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Time Out in London

Paradise – a sunny, fresh morning in London, sitting in bed with “Time Out,” planning the day. Too little time in this metropolis. Just had an enormous English breakfast – eggs, sausages, potatoes, tomatoes, mushrooms, burned toast – Marmite offered, if you want, which I did not – with two retired British academics. It’s lovely at this Quaker hotel, you are encouraged to breakfast with other travellers. When they heard I was a writer from Canada, she said, “You’re not the famous short story writer, are you? You know the one.”
“I’m sorry not to be Alice Munro,” I said.
“That’s the one,” she said. “That would have made our trip really exciting.”

Di and Viv and Rose, which I wanted to see, has closed early, and Behind the Beautiful Forevers is sold out. So much choice. I have a few ideas. Must get to the National Gallery and am hoping to get to other museums, also meeting Christina soon and Liz too and trying to sell the spoon and must get to Marks and Spenser for some underwear …

Oh it is wonderful to be in London and have my own space. Perhaps I’m getting too old for a foamie on the floor. I think I decided that a few years ago, actually. Old habits die hard.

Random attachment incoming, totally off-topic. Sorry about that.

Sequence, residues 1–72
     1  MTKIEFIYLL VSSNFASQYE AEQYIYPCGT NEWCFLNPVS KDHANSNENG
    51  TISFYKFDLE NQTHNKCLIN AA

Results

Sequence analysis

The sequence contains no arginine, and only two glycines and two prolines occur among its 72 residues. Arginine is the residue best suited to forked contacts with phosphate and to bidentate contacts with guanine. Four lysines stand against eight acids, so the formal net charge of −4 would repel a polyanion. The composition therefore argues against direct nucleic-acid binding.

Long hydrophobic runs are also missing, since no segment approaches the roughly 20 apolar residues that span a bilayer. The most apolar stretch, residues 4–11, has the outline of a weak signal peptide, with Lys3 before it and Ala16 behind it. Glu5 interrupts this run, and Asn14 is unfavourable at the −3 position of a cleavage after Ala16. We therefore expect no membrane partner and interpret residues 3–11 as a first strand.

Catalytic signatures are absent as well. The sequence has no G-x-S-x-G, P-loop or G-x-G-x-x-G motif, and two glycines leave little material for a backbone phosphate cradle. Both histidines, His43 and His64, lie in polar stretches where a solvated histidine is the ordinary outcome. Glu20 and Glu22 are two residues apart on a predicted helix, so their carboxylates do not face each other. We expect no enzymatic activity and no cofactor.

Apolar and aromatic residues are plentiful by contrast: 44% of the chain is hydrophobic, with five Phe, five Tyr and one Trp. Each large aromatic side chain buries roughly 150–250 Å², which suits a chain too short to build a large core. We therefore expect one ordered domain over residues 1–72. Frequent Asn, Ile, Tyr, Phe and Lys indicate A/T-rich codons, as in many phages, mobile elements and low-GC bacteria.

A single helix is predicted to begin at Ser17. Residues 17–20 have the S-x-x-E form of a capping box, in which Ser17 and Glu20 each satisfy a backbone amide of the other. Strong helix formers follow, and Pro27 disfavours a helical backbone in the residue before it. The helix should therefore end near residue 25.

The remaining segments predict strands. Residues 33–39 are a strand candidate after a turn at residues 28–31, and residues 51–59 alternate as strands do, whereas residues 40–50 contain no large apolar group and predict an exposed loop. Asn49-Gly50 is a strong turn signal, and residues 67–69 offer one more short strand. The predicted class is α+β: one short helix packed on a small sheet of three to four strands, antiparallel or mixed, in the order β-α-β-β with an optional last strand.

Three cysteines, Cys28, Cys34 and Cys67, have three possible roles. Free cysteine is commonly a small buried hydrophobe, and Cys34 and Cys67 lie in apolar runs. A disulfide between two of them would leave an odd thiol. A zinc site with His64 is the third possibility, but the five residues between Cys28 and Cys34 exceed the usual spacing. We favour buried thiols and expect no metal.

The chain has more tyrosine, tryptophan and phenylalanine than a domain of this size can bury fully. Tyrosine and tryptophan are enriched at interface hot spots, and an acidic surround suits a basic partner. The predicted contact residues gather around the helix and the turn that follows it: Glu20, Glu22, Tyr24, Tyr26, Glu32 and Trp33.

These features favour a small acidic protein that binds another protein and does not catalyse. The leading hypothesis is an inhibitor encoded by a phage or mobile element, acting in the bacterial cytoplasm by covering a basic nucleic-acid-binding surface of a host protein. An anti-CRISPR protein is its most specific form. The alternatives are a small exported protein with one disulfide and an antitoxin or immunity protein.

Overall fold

Instant messaged with Anna and Eli last night – tried to get FaceTime but it wouldn’t work on my phone. Then called, to hear those beloved voices. She sent me a little video of Eli saying “I love you Glamma” and kissing the screen. He was not feeling well and needed a hug. Heart ache. BK call home.

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2 Responses to “Time Out in London”

  1. theresa says:

    (I wrote this message earlier but somehow it disappeared before I could hit publish…) We saw The Nether a few weeks ago. Wildly innovative staging but the writing was muddy, the acting kind of wan. Would have loved to see Anne Carson's Antigone at the Barbican (with Juliet Binoche) but alas, no tickets. And I'd recommend (with some reservations) the new Tom Stoppard. You're in a lovely neighbourhood! We loved walking in St. George's Garden over near the Foundling Museum (also a favourite place to visit).

  2. beth says:

    Theresa, would love to go again to the Foundling Museum – have been there before. This is a wonderful place, the Penn Club, highly recommended for your next visit – they even have a library full of books and the location is perfect. The city is lunatic, don't you think? More crowded than is humanly possible. And yet somehow it still functions and the theatre is superb.

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About Beth

I began keeping a journal at the age of nine. Nearly fifty years later, I started this online journal, sharing reflections, reviews, updates, and the occasional secret.

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